News Video

Warner 'Conservative' Ad
Another in a series evaluating political ads.

Thursday, September 27, 2001

Election: Governor of Virginia, Mark L. Earley (R) vs. Mark R. Warner (D)
Buyer: Warner for Governor
Name: 'Conservative'
Producer: Frank Greer
Length: 30 seconds
Coverage: Statewide

Viewers first see a white screen that fills, line by line, with text decrying attack ads from Earley. The text is replaced by an inset of Earley in one of his ads. Above his picture are the words "Earley’s attacks" and below it are newspaper quotes reading "inaccurate," "deceitful," and "dishonest." Then, in large, red letters comes the word "WRONG," a reference to a Post headline, later corrected in the paper, used by Earley in one version of his ads. The spot then runs through shots of Warner at his desk, in a business meeting, in a classroom, with blue collar workers, helping a student in a computer lab and shaking hands with people.

Video: Courtesy Mark Warner for Governor

Problems? Try this direct link.
Don't See a Player?
Get the free plug-In.

Special Report

  Text: Female narrator: During this challenging time, the last thing Virginia needs is negative attacks from Mark Earley. The press has called Earley’s attacks "inaccurate,: "deceitful," "dishonest." The Post says the headline in his ad was wrong.

Male narrator: The truth is Mark Warner won’t raise taxes. He’s a fiscal conservative with the right experience to help our families in this difficult time. He’s got a plan to bring jobs and economic growth to Virginia without raising taxes. Mark Warner—the right leadership for Virginia.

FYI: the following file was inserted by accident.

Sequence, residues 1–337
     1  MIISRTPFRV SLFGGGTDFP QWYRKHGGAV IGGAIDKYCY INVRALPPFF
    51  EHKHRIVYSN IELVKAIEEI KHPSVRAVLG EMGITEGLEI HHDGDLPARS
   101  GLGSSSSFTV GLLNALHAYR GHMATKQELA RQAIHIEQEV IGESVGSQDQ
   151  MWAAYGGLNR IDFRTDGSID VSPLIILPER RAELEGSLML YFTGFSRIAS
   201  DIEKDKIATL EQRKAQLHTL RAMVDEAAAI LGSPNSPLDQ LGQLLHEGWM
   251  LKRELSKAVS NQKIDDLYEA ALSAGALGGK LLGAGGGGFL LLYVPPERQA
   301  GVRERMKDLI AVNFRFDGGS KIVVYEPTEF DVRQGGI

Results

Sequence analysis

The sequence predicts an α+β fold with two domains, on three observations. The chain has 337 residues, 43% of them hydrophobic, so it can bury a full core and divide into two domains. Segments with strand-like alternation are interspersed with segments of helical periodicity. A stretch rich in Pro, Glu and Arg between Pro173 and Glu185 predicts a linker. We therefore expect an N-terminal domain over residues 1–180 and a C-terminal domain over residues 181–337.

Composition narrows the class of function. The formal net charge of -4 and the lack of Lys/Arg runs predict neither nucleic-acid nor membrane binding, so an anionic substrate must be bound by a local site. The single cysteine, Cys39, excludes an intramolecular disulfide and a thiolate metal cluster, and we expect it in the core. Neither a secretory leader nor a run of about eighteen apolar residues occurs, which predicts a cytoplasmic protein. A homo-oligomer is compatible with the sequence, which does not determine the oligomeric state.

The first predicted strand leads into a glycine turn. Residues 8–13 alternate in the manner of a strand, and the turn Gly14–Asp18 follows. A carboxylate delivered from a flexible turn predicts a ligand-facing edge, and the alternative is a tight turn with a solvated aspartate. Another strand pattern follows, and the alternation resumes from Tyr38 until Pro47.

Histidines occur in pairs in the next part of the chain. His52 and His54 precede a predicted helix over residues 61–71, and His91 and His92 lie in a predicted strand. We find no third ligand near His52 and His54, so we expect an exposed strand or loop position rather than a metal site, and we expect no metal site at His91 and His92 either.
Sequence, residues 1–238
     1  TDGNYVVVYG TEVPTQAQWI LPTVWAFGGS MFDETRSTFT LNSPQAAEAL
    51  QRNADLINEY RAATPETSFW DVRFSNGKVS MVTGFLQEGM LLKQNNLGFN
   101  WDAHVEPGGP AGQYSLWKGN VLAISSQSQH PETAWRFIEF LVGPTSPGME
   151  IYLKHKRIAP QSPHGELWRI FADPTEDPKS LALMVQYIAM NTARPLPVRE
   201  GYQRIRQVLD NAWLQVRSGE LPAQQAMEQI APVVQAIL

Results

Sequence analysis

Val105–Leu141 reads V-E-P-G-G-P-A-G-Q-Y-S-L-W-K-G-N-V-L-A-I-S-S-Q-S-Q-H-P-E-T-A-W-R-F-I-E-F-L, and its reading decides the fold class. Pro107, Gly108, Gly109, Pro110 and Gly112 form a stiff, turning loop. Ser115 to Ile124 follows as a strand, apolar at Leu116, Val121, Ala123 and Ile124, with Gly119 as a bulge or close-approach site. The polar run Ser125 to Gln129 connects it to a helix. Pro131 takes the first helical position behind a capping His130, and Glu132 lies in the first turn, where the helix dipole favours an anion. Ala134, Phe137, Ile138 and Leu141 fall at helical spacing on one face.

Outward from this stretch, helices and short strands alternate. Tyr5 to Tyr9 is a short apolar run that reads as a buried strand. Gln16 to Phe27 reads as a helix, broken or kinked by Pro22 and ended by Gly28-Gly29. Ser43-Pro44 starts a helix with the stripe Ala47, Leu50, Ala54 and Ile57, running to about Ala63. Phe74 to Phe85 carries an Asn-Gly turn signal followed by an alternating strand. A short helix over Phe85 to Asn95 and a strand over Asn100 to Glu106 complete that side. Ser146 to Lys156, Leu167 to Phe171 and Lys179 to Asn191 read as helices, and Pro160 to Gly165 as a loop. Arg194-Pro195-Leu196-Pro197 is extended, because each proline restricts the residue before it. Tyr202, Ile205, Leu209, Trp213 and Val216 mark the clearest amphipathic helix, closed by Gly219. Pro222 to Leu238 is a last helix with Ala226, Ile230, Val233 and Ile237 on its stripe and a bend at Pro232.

This is a direct rebuttal to an Earley ad that falsely accused Warner of supporting higher taxes, an issue the Republican candidate hopes to make a defining one in the campaign’s final weeks.

Warner’s rebuttal is also misleading. The "inaccurate," "deceitful," and "dishonest" quotes, implied here to refer to Earley’s accusation that Warner favors higher taxes, instead come from Sep. 1 stories about a Republican Party mailing. The claim that Warner’s economic growth plan comes without raising taxes also is somewhat disingenuous because his $2.25 billion transportation package includes $900 million that would come from the sales tax hike.
Steven Ginsberg